One particularly confusing case arises when the value that is changing is, itself, a percentage. Suppose a local politician is performing “fairly well” with an overall approval rating of 50%. Then, this politician opposes a bill to fill all the potholes in town, and with that, the politician’s public approval plummets. If the politician’s approval rating dropped by 20 *percent,* that is 20% of the initial 50%, giving the politician a 40% approval rating. The narrative changes if the politician’s approval rating drops 20 percentage *points*. This brings the rating of 50% down to 30% — 20 points lower. The language sounds very similar but the resulting numbers are quite different.

Another common source of confusion arises when something increases over 100%, or doubles. Imagine we’re talking about a garden and how many more tomatoes were grown this year compared to last. If 100% more tomatoes were grown this year compared to last year, that means the yield doubled — 10 tomatoes became 20. What if the yield went from 10 tomatoes to 15? The yield increased by 50%, but the total yield is 150% of the previous year. Confusing? Yes! That’s why statistics can be difficult to interpret.

Sometimes authors confuse the two and report that something increased 150% when it only increased 50%. Say the garden produced 25 tomatoes this year, an increase of 150%. But someone might interpret that to mean the garden had 150% of the *yield *and only had 15 tomatoes. It’s often confusing, and when reading someone else’s reporting it can be hard to tell if the correct percentage is being cited since these terms are often and easily misused accidentally, or perhaps by design. If reporting an increase, an easy way to solve this problem and help the reader fully understand the metric being used is to provide all the numbers up front. One could report, “the garden’s yield increased from 10 to 25 tomatoes. That’s a 150% increase!”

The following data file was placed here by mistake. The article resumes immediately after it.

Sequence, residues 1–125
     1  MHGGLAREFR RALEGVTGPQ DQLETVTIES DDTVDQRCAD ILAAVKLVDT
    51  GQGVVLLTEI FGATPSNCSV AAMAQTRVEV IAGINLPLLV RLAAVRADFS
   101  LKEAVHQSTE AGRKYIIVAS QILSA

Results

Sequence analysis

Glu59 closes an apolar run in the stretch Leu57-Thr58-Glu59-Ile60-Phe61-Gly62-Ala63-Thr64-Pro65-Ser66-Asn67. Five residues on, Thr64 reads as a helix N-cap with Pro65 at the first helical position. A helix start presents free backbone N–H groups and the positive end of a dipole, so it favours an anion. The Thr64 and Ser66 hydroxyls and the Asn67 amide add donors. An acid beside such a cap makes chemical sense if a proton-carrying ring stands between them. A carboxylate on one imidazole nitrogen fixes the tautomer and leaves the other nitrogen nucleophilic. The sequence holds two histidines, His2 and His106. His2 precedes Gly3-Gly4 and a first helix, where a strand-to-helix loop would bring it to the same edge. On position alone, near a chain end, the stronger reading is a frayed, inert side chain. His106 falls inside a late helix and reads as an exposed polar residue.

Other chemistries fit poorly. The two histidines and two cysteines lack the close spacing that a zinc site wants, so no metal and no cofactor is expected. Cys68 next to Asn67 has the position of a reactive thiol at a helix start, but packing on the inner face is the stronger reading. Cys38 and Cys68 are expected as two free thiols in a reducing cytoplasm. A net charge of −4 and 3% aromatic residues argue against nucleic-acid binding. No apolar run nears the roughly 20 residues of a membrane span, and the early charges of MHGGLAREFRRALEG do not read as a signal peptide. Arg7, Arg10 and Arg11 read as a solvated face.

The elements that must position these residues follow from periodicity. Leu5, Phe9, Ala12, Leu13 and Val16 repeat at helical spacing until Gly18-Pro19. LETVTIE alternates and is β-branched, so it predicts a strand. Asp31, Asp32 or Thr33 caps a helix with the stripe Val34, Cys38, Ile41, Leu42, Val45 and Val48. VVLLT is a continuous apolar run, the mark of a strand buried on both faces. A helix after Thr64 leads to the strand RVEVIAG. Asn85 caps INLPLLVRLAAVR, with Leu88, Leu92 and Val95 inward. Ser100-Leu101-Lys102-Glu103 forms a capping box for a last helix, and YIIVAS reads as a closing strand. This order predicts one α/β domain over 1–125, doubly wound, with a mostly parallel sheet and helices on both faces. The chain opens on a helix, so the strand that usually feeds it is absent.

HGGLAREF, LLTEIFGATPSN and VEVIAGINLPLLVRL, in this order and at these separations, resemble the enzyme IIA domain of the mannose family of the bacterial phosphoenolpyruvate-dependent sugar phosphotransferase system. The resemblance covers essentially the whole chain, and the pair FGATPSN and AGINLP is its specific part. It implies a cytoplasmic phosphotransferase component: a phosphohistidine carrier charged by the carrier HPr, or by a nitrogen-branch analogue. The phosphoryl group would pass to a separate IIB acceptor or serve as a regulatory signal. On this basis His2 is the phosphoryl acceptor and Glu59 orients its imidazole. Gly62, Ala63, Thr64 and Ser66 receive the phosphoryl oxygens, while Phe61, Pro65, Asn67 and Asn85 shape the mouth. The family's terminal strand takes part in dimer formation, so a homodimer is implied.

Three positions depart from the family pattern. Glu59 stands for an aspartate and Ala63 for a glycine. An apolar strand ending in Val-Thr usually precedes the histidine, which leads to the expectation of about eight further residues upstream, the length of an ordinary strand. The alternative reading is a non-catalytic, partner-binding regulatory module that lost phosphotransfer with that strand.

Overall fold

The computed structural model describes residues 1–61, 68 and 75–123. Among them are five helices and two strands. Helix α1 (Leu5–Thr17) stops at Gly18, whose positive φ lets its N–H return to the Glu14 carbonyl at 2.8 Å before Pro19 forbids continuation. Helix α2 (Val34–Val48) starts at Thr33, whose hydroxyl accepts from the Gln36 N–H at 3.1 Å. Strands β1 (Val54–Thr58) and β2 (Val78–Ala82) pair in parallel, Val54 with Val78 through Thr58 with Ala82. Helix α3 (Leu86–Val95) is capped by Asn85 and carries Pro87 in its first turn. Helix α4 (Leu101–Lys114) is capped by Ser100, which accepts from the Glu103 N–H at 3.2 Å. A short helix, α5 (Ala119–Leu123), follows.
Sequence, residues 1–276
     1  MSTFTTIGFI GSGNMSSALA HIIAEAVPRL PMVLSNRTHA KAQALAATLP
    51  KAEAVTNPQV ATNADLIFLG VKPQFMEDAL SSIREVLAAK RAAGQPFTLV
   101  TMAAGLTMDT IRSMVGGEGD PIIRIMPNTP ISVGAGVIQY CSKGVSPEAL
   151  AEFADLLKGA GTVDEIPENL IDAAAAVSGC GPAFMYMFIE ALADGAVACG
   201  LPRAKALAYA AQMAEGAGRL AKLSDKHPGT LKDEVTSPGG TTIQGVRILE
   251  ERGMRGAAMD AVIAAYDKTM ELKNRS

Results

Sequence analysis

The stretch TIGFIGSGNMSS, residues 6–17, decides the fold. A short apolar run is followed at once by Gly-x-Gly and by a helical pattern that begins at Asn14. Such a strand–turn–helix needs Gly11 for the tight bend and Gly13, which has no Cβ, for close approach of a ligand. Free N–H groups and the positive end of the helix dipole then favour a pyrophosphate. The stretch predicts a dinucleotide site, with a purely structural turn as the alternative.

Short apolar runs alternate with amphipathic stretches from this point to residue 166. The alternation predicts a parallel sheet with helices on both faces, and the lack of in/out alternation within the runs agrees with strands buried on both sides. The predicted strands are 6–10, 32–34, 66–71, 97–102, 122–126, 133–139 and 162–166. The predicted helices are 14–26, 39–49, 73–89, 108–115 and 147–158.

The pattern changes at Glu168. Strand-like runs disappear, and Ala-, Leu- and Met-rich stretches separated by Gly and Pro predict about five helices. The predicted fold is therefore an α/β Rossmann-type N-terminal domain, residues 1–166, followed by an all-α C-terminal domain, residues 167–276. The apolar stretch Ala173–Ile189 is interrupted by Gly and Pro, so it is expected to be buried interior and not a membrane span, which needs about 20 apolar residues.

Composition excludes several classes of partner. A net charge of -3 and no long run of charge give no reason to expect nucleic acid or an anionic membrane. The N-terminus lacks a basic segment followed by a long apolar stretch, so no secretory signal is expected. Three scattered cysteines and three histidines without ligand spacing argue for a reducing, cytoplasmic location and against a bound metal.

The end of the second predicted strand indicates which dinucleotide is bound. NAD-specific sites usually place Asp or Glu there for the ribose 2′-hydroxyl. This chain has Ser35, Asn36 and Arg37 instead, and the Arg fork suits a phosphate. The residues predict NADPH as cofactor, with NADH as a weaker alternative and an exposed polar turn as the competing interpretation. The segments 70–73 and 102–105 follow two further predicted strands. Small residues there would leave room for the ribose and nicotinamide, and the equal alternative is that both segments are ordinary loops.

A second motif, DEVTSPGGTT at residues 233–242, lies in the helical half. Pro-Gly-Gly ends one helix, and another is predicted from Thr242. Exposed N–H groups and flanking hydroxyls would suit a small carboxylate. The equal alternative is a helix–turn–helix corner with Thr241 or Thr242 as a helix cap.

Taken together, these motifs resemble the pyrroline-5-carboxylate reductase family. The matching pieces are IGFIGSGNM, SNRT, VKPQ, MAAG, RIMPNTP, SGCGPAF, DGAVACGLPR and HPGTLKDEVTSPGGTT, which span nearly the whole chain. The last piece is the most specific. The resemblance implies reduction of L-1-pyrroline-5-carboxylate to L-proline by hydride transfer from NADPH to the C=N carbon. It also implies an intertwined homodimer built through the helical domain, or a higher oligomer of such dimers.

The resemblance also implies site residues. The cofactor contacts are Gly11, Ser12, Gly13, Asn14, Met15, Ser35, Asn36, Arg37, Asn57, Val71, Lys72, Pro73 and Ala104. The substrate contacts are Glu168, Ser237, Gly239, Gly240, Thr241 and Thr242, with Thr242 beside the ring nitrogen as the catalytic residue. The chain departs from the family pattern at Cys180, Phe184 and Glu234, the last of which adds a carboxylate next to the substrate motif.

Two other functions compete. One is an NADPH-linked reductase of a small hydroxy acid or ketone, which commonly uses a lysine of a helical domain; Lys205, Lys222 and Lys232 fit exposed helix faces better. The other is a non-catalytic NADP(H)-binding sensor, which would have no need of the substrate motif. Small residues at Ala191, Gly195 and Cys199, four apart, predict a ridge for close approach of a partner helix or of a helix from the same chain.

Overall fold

Another tricky area when interpreting data involves the unit an author chooses to present. Sometimes, the same information can look very different depending on the unit presented. For example, during the COVID-19 pandemic we’ve seen different sources report new cases, total cases and cases per capita, all of which have very different patterns of behaviors across states and countries. Authors also might talk about total deaths, deaths per capita or deaths as a proportion of positive cases. This post provides more detail about the differences these numbers represent and how those differences in reporting can impact how we understand data.

The types of statistics and metrics authors use to communicate data can have a significant influence on how information is interpreted, especially if the author is not careful to fully explain the reasoning behind them. Authors can also make mistakes when presenting and interpreting statistics because of nuanced differences in language and calculations.

To ensure you understand data you encounter, carefully consider whether the metric used is the relevant one, given what the author is trying to communicate. If you don’t feel it is, try to find more information about what might be missing. If you are presenting your own data, the safest route is to carefully explain the metrics being used and the motivation behind those metrics. Working through this explanation helps you as well, providing the opportunity to confirm you’re reporting information in the best way possible.

Test yourself: Take our data quiz (here or below)!

- Six strategies for making sense of data in the media
- Diving into charts and graphs in the news
- Understanding complications with data collection
- Evaluating claims made from data
- Special look at issues with infographics
- Spotlight on data in social media
- How to be savvy about data in the news
- Quiz: Can you make sense of data

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*About SAS: Through innovative analytics software and services, SAS helps customers around the world transform data into intelligence.*

The News Literacy Project, in cooperation with Village Consultancy, is hosting a series of professional learning webinars focused on essential news literacy concepts.

The News Literacy Project is hosting a free webinar series Understanding Misinformation and How to Talk to People Who Believe It.

The News Literacy Project offers its congratulations to 2021 Nobel Peace Prize winners and journalists Maria Ressa and Dmitry Muratov.